Bring me a head of cauliflower over a bunch of flowers any day.
Yep, I’ve always been this easy to please. My first memories of cooking with cauliflower began at the supermarket where mum trained me in how to pick the freshest veggies for our homemade vegetarian feasts – all reliant on the senses. Think Karate Kid but with more legumes and fewer spinning leg kicks. “Look for the slimmest aubergines – they contain the fewest seeds”, “Always feel for the firmest okra – they’re the freshest”, “Shake the coconut and listen to hear if there’s water inside – the flesh will be more tender”. 20 years on and I remember these and hundreds more tips every time I pick fresh fruit and veg. I’m talking Russell Crowe in A Beautiful Mind but with zero algebra and loads of brassicas.
My lesson on picking the perfect cauliflower? The florets should be firm, pure white and the leaves enveloped around the cauliflower head. Bonus points for a lack of baby caterpillars.
When I was growing up in Yorkshire, I had incredible fresh ingredients from the local farm shop on my doorstep (not literally. – we lived above a newsagents, not in a field). I didn’t know many other 13 year olds who preferred doing the food shop with mum over heading into town with friends, but that’s okay. Back then I truly believed I was a bit odd. So, as a 27 year old, I wish to give my teenage self some advice…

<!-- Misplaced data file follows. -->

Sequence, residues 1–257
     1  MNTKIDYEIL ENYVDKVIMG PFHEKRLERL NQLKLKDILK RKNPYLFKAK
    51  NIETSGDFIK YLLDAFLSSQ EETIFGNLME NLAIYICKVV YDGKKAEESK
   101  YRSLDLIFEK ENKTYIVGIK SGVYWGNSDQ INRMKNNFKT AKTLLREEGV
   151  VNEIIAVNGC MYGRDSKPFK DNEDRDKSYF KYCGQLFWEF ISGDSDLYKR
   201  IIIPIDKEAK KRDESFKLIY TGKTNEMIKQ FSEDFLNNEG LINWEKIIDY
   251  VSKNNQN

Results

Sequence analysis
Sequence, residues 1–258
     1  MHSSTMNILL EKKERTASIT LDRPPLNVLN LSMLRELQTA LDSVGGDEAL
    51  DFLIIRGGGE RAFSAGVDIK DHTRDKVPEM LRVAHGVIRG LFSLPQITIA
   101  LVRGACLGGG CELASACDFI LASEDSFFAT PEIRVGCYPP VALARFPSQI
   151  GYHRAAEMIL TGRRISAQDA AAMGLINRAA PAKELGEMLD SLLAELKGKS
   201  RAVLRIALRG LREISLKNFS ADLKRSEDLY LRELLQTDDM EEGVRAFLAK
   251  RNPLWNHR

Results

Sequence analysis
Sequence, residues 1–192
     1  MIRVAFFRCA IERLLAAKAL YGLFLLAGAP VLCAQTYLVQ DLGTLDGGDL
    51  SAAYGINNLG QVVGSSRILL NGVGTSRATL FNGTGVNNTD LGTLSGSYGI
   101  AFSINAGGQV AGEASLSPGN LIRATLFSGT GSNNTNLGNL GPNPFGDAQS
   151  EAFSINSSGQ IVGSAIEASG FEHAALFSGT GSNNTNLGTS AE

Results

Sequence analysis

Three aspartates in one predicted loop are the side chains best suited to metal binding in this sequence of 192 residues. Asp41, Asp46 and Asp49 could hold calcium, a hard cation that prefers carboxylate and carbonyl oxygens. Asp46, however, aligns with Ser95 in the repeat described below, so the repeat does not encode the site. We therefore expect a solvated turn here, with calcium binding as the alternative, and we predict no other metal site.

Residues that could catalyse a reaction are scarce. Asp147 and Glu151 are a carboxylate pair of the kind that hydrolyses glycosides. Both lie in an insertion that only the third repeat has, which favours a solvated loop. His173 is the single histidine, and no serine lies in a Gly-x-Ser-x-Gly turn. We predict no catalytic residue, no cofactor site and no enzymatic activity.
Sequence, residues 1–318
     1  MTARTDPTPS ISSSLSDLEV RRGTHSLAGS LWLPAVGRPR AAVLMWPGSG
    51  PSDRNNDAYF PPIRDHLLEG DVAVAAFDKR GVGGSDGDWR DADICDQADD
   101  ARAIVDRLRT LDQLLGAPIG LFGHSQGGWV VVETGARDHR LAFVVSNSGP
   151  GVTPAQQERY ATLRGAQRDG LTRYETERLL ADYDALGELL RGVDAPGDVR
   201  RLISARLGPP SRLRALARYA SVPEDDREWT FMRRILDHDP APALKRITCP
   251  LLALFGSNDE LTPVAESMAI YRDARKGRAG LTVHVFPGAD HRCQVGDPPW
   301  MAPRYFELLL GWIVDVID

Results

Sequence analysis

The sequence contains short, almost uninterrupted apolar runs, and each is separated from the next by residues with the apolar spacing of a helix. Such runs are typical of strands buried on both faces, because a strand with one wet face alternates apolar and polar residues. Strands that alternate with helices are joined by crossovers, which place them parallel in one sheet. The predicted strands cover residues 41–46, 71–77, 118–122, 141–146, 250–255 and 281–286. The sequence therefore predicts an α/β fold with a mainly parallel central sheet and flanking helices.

Before I burst into a crappy rendition of Baz Luhrmann’s Sunscreen Song, I’d better get back to the recipe.
The cauliflower is first broken into small florets, scattered with a combination of turmeric, whole black peppercorns and cracked cardamom pods. After a liberal squeeze of lemon juice and a good rub, it’s roasted in a hot oven until it’s golden and tender. Once it comes out of the oven it’s succulent and smokey, with a wicked texture that’ll flabbergast all your meat-eating friends.
And the sauce? Let me tell you about the sauce. It’s rich, creamy and all kinds of comforting. A base of ground almonds blended with fresh ginger, bay leaves, cinnamon and chilli keep it fresh but with a gentle heat that tricks out the cauliflower and dances the Giddha on your taste buds.